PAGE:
UK businesses are regulated by and must comply with the Companies Act. The latest version was approved by the Queen on the 8th of November 2006 and became the most important business-related reform in the last 150 years. It contains a whole part dedicated to company directors, their duties and liabilities. We have complied some key points in this article.
Both UK residents and non-residents can become a company director in the United Kingdom. At the same time, undischarged bankrupts or people who have been disqualified as the director of a company cannot become a UK director. Besides, criminal and civil offences will be taken into consideration. It is possible for a legal entity to become a corporate director; however, current legislation requires at least one individual to be a company director and that individual must be at least 16 years old.
English laws permit the use of nominee services. If you do not live in the UK, a nominee director can manage the company on a day-to-day basis – the scope of their duties and responsibilities is determined by you. At the same time, please be aware that the Companies House have records of all people with significant control over the company. Our incorporation experts would be glad to help you find a UK resident who you can trust to become director of your company.
The Companies Act 2006 is very specific when it comes to the duties of a director in a UK company to act in the best interests of the company and its shareholders. Directors must make decisions that promote the company’s success; they must perform their duties conscientiously and to the best of their ability.
Directors must comply with the company’s constitution and articles of association and apply any knowledge, skills and experience they have. They are the ones who need to make sure that the company’s activities do not have a negative impact on the environment and community. Directors must keep high standards of business conduct by maintaining company’s reputation at a high level. They must also think about people that work for the company, their wellbeing and safety.
There are obligations of a director that they are bound by law to fulfil. They must make sure that all the reports are prepared and filed on time and that all taxes are paid when due, and that all the company’s details are published and updated correctly wherever necessary. If these legal requirements are not complied with or a mistake is made in carrying out its activities by the company, the responsibility will lie with a director and not an accountant. One must not forget that there is always a risk of legal prosecution.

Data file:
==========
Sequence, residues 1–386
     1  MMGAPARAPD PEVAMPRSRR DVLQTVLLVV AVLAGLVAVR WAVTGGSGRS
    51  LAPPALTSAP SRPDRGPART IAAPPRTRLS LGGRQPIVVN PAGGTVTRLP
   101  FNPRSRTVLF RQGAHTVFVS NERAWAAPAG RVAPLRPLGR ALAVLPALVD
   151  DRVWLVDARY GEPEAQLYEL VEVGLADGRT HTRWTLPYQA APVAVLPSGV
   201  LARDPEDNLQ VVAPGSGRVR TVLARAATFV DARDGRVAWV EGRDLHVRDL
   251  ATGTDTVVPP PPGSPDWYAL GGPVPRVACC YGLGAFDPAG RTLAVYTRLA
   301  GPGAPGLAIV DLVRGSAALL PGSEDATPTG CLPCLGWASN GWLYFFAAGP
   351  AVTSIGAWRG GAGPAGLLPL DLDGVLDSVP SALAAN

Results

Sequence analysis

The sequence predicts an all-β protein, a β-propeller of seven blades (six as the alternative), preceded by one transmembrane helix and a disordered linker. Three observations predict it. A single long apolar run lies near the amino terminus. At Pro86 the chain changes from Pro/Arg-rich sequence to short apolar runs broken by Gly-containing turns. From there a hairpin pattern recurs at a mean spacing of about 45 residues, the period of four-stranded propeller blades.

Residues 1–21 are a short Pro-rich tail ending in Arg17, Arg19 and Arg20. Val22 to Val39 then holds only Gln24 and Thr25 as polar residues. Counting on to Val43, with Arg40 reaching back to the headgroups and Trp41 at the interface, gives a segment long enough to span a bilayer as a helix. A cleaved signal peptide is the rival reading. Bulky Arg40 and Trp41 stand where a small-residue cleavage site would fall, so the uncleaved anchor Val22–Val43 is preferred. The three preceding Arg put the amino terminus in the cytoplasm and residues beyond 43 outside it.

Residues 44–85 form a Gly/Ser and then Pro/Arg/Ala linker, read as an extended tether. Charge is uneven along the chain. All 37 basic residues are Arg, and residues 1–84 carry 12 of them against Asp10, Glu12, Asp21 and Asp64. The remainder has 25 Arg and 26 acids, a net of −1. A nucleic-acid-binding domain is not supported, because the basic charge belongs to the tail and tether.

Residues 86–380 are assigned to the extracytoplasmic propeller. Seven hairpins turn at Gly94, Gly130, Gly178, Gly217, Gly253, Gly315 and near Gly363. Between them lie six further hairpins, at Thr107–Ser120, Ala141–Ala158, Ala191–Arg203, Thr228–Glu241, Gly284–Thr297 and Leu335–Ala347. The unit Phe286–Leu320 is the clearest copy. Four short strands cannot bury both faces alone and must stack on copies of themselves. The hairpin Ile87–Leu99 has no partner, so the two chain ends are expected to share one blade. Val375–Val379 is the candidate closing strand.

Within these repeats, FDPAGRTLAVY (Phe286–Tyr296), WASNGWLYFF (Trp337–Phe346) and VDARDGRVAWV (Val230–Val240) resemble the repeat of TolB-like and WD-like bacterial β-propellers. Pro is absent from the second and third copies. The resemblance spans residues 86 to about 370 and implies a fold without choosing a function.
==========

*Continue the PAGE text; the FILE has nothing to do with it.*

Directors must also file their personal tax returns once a year. It is interesting that a director is not prohibited from acting in his personal interests, for example when the company signs a deal with another company that belongs to the director’s family. However, the director must invariably inform other directors, shareholders and owners about it. On top of that, a director is not allowed to accept benefits from third parties.
The Companies Act 2006 has been designed to help UK company directors fulfil their obligations and duties in a most efficient manner and to protect dutiful directors from too much pressure from shareholders if it is bound to affect long-term development of the business.
Directors of successful and large companies in the UK often work on strategic matters with the help of experts. Small businesses are different in this regard because most decisions are made single-handedly with no access to professional advice or forecast, and this is definitely not good for a business. However, all directors must show the same level of performance.
If you have questions regarding registration of a company in the UK, necessary paperwork, accounting and tax support for your business, our experienced specialists will give you expert advice and provide comprehensive support at every stage of your business development.
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